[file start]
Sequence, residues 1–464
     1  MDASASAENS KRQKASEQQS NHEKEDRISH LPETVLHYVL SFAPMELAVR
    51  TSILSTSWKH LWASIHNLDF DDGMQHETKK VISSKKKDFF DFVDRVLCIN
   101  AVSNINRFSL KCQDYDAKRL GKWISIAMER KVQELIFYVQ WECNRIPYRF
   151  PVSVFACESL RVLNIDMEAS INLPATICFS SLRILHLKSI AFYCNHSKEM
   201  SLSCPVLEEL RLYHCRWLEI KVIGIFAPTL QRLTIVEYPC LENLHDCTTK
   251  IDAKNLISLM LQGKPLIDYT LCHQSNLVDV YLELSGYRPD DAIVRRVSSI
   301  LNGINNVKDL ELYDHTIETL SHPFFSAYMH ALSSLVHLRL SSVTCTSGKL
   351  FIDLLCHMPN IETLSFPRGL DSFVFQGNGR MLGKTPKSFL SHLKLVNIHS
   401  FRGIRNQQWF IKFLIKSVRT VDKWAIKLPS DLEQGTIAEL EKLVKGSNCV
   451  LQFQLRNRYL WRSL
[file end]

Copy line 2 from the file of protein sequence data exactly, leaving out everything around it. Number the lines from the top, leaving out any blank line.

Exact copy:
     1  MDASASAENS KRQKASEQQS NHEKEDRISH LPETVLHYVL SFAPMELAVR